Volume 10 Supplement 2

Canadian Society of Allergy and Clinical Immunology and AllerGen Abstracts 2014

Open Access

Xolair® (omalizumab) enrollment in a tertiary care allergy and asthma clinic in Canada

  • Jodi Cameron1,
  • Jennifer Forgie1,
  • Alicia Ring1,
  • Stephanie Santucci1,
  • Caroline Rizk2,
  • Hoang Pham3,
  • John O’Quinn1 and
  • William H Yang1, 3
Allergy, Asthma & Clinical Immunology201410(Suppl 2):A5

https://doi.org/10.1186/1710-1492-10-S2-A5

Published: 18 December 2014

Background

Xolair ® (omalizumab) has been approved in Canada since 2004 for the treatment of moderate to severe persistent allergic asthma in patients 12 years of age. The use of omalizumab in severe persistent allergic asthma may lead to decrease health care utilization through emergency room (ER) visits, hospitalizations, visits to health care providers, as well as, decrease the use of corticosteroids and improve the overall quality of life (QoL).

Methods

Data collected from patient enrollment and QoL questionnaires completed at specific intervals during treatment with omalizumab at our large tertiary care clinic from 2004 to 2014 was analyzed.

Results

A steady number of patients were enrolled each year since 2004, showing its greatest increase in enrollment numbers since 2012. Our data indicates that the majority of patients improved with significantly less asthma exacerbation, less ER visits and hospitalizations, less use of inhaled and oral corticosteroids and better QoL.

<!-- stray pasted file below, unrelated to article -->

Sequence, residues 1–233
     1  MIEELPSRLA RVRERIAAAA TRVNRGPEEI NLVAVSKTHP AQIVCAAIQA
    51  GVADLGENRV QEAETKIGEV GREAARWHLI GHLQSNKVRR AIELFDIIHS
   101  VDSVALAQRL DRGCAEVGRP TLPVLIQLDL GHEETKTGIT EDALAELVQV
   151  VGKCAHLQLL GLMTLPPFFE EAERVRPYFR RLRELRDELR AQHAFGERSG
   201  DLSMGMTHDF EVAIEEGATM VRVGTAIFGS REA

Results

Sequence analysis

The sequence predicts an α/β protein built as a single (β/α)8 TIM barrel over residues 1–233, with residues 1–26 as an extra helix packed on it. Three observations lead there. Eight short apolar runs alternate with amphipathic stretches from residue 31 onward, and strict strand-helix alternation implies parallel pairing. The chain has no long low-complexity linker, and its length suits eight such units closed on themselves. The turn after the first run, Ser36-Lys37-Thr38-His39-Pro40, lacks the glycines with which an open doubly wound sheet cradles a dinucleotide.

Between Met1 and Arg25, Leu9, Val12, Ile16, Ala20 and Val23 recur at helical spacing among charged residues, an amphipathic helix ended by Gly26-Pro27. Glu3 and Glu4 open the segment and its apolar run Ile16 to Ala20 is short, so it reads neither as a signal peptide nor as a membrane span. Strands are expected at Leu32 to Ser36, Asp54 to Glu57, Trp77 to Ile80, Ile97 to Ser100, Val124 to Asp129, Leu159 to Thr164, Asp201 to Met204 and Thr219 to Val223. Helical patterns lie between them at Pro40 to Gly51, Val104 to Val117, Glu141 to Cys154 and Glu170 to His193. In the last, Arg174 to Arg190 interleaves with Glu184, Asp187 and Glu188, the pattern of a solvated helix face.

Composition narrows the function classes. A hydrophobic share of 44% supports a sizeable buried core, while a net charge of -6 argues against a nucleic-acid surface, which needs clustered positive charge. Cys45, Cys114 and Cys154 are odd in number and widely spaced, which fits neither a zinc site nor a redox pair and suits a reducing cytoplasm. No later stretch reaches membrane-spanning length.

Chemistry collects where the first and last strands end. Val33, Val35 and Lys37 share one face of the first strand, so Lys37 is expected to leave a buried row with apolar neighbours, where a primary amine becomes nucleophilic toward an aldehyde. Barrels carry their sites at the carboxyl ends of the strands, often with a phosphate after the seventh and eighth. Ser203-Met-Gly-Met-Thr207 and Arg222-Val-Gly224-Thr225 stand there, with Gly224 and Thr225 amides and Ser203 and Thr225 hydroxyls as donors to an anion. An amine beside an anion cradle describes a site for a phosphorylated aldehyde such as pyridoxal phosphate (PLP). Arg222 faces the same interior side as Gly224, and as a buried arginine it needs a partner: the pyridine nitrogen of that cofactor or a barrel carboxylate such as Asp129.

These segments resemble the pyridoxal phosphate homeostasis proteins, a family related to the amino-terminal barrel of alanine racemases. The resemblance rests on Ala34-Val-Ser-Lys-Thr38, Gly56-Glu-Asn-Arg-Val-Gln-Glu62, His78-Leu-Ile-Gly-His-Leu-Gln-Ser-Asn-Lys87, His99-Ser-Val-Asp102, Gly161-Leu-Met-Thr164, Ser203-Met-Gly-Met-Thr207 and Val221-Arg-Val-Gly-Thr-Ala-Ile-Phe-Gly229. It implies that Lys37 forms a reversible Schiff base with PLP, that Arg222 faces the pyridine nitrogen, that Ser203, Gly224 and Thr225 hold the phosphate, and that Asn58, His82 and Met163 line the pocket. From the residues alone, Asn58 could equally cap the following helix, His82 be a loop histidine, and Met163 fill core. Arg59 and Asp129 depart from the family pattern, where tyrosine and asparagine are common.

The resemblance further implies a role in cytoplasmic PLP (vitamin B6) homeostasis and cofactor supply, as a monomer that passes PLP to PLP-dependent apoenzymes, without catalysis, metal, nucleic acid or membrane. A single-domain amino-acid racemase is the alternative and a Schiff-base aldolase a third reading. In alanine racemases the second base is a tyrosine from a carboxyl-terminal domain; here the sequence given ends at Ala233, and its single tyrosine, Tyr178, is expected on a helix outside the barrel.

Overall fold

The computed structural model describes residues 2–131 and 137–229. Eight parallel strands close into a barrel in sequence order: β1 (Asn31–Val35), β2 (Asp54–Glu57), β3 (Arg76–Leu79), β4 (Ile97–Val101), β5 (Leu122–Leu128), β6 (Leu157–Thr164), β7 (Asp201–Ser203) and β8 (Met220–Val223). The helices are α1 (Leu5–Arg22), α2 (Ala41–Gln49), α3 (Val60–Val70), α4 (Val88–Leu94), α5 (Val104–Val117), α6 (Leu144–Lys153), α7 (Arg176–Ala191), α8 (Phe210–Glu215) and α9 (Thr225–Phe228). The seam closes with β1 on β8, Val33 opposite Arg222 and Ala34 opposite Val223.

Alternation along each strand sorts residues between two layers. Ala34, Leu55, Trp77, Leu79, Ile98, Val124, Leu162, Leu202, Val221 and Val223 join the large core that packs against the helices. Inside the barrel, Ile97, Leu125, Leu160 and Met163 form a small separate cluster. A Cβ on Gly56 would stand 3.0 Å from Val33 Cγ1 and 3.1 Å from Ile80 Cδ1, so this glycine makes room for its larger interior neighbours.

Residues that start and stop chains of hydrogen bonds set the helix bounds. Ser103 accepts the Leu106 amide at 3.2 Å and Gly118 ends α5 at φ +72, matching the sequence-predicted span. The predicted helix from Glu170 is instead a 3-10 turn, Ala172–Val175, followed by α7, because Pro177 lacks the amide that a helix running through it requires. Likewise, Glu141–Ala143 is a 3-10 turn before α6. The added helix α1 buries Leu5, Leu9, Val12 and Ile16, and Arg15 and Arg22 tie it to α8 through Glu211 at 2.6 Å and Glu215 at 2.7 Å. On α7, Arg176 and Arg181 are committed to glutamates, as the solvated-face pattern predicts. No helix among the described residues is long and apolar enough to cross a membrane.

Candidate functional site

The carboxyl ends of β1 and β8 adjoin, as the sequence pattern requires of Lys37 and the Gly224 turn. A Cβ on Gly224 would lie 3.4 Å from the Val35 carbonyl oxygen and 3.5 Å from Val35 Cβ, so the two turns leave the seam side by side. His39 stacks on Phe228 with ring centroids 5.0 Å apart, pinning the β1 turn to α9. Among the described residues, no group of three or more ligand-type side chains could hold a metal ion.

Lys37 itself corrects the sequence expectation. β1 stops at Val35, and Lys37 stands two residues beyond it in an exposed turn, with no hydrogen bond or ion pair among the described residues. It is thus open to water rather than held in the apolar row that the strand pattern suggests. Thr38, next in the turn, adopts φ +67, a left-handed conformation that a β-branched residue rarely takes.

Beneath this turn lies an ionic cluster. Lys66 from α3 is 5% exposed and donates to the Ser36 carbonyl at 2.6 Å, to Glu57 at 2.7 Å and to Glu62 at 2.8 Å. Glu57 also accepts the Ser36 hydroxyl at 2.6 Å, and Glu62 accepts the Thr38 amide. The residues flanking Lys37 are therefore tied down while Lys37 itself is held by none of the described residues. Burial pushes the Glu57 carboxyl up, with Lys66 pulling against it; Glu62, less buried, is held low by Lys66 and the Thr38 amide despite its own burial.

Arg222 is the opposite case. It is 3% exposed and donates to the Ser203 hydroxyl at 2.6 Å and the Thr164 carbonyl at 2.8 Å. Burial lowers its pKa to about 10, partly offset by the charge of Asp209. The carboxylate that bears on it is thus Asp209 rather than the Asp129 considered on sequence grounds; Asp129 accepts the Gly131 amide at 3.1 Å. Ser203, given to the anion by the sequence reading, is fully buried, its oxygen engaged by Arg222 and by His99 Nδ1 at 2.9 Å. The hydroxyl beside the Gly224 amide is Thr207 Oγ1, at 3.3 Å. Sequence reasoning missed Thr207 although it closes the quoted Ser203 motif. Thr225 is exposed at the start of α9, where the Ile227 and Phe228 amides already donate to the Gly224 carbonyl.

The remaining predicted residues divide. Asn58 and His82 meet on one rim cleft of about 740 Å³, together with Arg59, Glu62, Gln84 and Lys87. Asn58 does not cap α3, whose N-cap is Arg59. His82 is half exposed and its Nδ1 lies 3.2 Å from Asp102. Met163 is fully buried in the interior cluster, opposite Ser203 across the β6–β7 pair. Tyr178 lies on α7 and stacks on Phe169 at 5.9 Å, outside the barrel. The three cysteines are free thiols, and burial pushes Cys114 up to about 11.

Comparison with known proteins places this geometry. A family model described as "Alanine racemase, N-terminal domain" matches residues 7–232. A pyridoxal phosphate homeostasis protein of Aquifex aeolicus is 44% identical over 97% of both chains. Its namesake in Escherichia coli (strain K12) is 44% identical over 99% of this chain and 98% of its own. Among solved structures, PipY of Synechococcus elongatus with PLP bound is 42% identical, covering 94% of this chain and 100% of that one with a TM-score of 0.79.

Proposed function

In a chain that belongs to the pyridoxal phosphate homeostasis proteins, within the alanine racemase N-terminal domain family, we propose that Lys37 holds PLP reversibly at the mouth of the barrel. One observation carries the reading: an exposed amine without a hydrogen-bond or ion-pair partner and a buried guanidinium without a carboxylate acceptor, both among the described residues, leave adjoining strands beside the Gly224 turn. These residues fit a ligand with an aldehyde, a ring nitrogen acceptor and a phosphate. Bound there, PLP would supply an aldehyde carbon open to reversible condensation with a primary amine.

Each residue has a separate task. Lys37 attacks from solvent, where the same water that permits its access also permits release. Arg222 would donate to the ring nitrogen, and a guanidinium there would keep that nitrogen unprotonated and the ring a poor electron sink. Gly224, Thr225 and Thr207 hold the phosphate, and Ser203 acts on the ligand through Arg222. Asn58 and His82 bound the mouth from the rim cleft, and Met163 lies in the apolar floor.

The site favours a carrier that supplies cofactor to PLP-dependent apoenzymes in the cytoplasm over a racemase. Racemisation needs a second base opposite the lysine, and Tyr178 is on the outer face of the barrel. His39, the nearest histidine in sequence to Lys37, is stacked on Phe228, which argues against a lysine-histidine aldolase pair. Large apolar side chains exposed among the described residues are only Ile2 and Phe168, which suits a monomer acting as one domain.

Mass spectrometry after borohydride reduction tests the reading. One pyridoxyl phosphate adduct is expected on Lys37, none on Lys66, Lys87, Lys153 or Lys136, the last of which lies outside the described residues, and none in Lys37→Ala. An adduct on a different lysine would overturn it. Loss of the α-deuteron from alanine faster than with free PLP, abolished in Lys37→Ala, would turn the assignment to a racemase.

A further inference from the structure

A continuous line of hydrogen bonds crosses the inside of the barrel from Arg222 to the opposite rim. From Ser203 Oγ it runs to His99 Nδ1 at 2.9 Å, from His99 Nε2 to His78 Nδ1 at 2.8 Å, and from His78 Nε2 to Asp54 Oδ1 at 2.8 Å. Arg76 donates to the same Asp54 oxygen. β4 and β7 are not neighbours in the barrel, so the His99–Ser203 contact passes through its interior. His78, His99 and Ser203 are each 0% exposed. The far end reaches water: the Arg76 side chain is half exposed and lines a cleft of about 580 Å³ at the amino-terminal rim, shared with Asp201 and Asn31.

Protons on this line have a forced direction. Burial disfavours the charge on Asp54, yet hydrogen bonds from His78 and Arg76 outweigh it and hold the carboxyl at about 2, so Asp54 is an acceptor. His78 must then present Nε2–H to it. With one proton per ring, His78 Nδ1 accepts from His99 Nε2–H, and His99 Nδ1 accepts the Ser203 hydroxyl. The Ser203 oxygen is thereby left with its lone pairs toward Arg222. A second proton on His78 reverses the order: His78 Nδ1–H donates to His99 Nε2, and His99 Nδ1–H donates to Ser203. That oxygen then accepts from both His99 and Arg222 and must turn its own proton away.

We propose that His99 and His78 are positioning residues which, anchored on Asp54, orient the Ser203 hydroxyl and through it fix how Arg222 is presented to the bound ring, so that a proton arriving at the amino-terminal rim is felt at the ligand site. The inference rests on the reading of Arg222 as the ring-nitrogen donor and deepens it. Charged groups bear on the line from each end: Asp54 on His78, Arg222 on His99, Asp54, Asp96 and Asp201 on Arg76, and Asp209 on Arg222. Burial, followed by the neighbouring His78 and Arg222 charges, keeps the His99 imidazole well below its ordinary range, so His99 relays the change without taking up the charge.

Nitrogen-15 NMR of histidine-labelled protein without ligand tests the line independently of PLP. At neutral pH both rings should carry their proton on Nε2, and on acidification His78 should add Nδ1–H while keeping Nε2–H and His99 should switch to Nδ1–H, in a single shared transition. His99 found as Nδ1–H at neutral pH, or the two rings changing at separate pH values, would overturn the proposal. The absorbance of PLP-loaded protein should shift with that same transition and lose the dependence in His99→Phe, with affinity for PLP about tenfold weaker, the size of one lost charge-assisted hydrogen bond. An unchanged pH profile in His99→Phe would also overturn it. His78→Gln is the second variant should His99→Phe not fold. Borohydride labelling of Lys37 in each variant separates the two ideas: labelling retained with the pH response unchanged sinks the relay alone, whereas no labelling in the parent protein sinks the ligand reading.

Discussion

Conclusion

Omalizumab is effective in the treatment of moderate and severe allergic asthma. It improves QoL and reduces asthma exacerbations, ER visits and hospitalizations, and use of inhaled and oral corticosteroids.

Authors’ Affiliations

(1)
Allergy and Asthma Research Centre
(2)
Department of Clinical Immunology and Allergy, McGill University
(3)
University of Ottawa Medical School

Copyright

© Cameron et al; licensee BioMed Central Ltd. 2014

This article is published under license to BioMed Central Ltd. This is an Open Access article distributed under the terms of the Creative Commons Attribution License (http://creativecommons.org/licenses/by/4.0), which permits unrestricted use, distribution, and reproduction in any medium, provided the original work is properly cited. The Creative Commons Public Domain Dedication waiver (http://creativecommons.org/publicdomain/zero/1.0/) applies to the data made available in this article, unless otherwise stated.

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